The Routledge Companion to Research in the Arts is a major collection of new writings on research in the creative and performing arts by leading authorities from around the world. It provides theoretical and practical approaches to identifying, structuring and resolving some of the key issues in the debate about the nature of research in the arts which have surfaced during the establishment of this subject over the last decade.
Contributions are located in the contemporary intellectual environment of research in the arts, and more widely in the universities, in the strategic and political environment of national research funding, and in the international environment of trans-national cooperation and communication. The book is divided into three principal sections - Foundations, Voices and Contexts - each with an introduction from the editors highlighting the main issues, agreements and debates in each section.
The Routledge Companion to Research in the Arts addresses a wide variety of concepts and issues, including:the diversity of views on what constitutes arts-based research and scholarship, what it should be, and its potential contribution the trans-national communication difficulties arising from terminological and ontological differences in arts-based research traditional and non-traditional concepts of knowledge, their relationship to professional practice, and their outcomes and audiences a consideration of the role of written, spoken and artefact-based languages in the formation and communication of understandings.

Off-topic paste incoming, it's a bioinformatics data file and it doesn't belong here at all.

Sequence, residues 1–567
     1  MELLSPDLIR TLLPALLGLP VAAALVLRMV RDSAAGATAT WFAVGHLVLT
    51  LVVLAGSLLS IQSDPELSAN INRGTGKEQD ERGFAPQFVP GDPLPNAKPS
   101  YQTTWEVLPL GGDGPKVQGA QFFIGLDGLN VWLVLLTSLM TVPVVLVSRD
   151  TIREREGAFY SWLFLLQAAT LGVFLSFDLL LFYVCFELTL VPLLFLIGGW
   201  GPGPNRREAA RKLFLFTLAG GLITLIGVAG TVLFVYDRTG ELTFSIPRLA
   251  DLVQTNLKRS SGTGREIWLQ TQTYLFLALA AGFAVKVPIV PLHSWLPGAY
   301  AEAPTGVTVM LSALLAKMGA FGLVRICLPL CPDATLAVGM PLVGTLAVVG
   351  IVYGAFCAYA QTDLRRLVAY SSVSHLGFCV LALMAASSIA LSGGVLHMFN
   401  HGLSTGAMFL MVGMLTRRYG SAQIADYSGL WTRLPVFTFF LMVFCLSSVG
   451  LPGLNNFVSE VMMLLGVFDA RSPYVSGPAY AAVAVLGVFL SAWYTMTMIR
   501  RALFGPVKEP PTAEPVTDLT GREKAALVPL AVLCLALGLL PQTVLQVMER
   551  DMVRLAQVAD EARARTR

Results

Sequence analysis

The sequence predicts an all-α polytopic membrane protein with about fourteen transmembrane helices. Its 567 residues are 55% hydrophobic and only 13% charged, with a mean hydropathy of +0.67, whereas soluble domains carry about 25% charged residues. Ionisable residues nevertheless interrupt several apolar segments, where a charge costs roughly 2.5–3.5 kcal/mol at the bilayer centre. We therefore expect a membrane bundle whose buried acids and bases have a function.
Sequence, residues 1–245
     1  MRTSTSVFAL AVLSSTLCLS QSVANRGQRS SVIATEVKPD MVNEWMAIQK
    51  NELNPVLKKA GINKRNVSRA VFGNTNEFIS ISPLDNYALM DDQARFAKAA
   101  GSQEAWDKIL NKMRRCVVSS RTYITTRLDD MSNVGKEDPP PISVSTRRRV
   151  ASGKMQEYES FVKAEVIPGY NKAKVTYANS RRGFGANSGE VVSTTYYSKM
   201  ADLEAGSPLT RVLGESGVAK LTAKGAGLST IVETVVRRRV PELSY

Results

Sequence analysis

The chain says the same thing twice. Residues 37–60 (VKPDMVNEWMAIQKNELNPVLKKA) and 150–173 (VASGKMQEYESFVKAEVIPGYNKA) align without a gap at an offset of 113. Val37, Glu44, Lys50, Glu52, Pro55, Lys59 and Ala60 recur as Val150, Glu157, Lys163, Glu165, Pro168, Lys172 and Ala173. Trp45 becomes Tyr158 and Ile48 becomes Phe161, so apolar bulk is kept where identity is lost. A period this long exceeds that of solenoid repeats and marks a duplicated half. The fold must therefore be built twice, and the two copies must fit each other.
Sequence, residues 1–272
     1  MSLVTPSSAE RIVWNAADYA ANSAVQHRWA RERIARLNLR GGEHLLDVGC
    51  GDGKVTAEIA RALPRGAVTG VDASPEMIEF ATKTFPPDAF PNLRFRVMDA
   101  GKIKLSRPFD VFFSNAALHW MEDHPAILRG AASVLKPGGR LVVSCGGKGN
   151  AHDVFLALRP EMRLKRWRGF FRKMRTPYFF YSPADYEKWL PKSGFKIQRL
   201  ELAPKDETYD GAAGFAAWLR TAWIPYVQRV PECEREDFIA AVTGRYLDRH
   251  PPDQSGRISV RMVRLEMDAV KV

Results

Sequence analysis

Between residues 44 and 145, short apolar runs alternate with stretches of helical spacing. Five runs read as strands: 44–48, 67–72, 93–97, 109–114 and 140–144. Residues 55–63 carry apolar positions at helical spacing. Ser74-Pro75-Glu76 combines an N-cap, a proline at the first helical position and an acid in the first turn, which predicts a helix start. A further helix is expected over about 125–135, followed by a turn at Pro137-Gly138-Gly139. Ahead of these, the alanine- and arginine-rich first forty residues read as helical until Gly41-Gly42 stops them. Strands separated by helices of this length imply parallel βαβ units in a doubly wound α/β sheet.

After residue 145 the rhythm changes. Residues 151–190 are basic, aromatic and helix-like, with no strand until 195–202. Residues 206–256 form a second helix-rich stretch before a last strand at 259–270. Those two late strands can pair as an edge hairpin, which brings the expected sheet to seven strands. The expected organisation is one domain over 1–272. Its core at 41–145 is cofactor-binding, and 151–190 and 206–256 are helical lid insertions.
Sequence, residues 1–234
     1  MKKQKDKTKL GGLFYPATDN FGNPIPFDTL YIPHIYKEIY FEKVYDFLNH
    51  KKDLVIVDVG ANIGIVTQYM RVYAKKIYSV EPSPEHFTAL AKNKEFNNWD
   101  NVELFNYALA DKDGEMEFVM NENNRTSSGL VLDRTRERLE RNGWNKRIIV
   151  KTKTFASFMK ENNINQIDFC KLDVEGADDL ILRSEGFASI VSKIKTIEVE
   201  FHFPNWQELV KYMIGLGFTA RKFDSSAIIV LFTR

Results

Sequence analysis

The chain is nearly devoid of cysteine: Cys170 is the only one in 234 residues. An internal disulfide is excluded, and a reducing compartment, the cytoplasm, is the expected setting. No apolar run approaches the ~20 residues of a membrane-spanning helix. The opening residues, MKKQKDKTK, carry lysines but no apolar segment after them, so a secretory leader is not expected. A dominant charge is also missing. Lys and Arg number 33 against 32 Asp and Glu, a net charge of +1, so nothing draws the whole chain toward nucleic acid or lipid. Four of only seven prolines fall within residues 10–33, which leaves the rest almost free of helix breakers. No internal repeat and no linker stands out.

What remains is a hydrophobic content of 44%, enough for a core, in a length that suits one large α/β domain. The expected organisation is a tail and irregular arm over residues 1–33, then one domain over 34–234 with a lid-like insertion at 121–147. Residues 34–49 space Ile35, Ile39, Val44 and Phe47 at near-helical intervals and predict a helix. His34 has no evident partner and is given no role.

This comprehensive collection makes an original and significant contribution to the field of arts-based research by setting down a framework for addressing these, and other, topical issues. It will be essential reading for research managers and policy-makers in research councils and universities, as well as individual researchers, research supervisors and doctoral candidates.
Publisher: Taylor & Francis Ltd
Number of pages: 458
Weight: 862 g
Dimensions: 248 x 171 x 28 mm
"The practice-led PhD, which began in the U.K., is now ubiquitous in several parts of the world. As the doctorate becomes more settled in university life, it becomes increasingly important to reach a balanced understanding of its basic concepts, methods, and outcomes. What is artistic research? How does art create new knowledge? How can a PhD-level art exhibition be assessed for quality? This book is the first comprehensive look at concepts such as research, knowledge, creativity, the visual, experiment, quality, and assessment, as they are used in practice-based programmes influenced by the U.K. and E.U. models of higher education. Now that art is being taught in universities at the doctoral level, it may spur a fundamental rethinking of the university's basic concepts of professionalism, community, and purpose. For that reason this book is also an irreplaceable resource for those interested in the coherence and idea of the university as a whole." James Elkins, The Art Institute of Chicago
"[T]his is truly not a book for the faint of heart. Given the still ill-defined - and even controversial - moment in this embryonic field, this book serves as somewhat of a manifesto for the needfulness of the discipline... It certainly deserves a place on the shelf of any art library." - Margaretta S. Frederick, Art Libraries Journal
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